By Mike Johnson
Protecting our national fish stocks from ruin by overfishing is a national imperative that requires both good management and solid science. NOAA, the agency responsible for managing our fisheries, is incapable of even adequate management, as shown by a recent independent review by Preston Pate.
At a 4/13/11 Senate subcommittee hearing (video from minute 98), Senator Ayotte of New Hampshire challenged NOAA Administrator Dr. Jane Lubchenco: "NOAA has been relying on ... incomplete and sometimes non-existent [fisheries] data." Dr. Lubchenco responded with the expected evasion and the familiar patronizing talking point about "best available science information that we have."
Dr. Lubchenco, what if your best available science is not very good? What if, in fact, it is flawed? This is not a rhetorical question, as there is evidence that the vaunted NOAA fisheries science is indeed unsound.
Every year, by law, NOAA puts out a fisheries report to the Congress. This is NOAA's chance to show off in the very best light. Table 1 of NOAA's annual report to Congress on the 2009 Status of U.S. Fisheries covers 522 fish stocks. Twenty-three percent of the most important 230 stocks have no data, being termed either "unknown" or "undefined." Is this what we have to show for forty years of effort -- a three-quarter understanding of our important fish stocks? Overall, of the 522 stocks, 51% have no data. No data on over half of the fish stocks, and this is our best available science?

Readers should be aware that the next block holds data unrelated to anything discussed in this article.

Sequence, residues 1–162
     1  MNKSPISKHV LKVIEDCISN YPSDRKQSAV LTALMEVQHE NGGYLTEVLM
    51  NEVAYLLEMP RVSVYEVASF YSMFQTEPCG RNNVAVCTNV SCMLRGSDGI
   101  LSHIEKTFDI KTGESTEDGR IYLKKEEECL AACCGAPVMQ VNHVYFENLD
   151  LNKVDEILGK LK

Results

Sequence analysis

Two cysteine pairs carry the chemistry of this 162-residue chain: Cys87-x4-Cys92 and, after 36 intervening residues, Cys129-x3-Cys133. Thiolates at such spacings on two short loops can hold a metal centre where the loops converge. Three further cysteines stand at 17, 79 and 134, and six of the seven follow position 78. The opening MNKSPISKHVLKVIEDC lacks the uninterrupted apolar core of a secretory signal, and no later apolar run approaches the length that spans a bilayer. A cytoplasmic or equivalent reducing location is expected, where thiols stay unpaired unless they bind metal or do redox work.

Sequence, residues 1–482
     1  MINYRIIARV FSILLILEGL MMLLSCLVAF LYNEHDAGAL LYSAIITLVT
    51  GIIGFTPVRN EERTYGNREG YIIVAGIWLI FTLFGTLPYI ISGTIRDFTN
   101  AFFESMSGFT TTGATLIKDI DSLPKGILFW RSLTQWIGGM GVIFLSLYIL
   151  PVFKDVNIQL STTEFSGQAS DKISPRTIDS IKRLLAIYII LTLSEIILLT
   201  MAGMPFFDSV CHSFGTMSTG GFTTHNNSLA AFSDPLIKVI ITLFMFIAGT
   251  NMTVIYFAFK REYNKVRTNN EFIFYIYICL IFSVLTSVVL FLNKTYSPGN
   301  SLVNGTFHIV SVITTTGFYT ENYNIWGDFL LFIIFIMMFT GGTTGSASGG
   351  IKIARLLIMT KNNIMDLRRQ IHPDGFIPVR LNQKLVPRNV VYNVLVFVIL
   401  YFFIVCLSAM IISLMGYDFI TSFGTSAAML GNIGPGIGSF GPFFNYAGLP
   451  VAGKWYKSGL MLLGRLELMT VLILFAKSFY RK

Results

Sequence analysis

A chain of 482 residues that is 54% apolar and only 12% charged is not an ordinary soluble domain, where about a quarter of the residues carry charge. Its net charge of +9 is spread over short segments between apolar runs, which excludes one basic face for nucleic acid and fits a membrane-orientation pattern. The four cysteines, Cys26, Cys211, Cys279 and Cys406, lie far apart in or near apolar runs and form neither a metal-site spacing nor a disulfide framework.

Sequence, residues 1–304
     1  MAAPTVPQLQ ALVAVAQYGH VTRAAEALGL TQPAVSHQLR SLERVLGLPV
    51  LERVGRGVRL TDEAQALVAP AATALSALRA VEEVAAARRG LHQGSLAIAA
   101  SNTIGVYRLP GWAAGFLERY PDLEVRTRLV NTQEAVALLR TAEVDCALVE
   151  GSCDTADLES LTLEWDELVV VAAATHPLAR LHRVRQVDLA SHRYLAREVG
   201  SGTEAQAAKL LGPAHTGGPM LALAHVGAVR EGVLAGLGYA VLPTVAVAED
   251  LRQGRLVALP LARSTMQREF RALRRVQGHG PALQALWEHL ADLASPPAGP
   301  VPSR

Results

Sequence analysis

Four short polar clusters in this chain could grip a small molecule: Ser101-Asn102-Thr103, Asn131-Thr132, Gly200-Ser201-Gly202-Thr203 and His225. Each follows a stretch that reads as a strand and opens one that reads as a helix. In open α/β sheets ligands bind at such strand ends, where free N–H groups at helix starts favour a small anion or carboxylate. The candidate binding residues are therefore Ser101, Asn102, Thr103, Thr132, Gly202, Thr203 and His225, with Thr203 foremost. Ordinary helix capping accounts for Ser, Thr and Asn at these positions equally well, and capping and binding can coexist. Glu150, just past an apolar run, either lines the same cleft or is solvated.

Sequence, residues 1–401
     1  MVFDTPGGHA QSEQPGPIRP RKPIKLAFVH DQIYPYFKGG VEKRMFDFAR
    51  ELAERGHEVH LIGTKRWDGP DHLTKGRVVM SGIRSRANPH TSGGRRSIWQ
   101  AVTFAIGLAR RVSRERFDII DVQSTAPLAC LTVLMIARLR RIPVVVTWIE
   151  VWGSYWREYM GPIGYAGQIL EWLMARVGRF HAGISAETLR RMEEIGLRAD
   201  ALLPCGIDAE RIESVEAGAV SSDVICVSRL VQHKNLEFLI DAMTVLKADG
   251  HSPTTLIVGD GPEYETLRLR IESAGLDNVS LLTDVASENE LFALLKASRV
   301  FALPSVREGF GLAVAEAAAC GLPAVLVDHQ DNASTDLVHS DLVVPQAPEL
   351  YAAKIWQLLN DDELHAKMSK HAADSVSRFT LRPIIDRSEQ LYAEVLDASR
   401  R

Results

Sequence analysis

Of course, the annual fisheries report does not say anything about the plight of the fishermen. NOAA instituted a management system known as catch shares into New England fisheries in May 2010. At the same time, NOAA reduced the annual catch limits (ACL) from the previous year by some 30%-50%. The results have been as precipitous as they were predictable: ten percent of the boats are doing well under the new system, but over half the fleet never left the dock for lack of adequate allocations.
Massachusetts Governor Patrick petitioned Commerce Secretary Locke for emergency relief. The governor provided Locke with a study by the Massachusetts Marine Fisheries Institute (MFI) showing that allocations could be raised by at least 30% without violating the governing Magnuson-Stevens Act (MSA). Locke turned him down.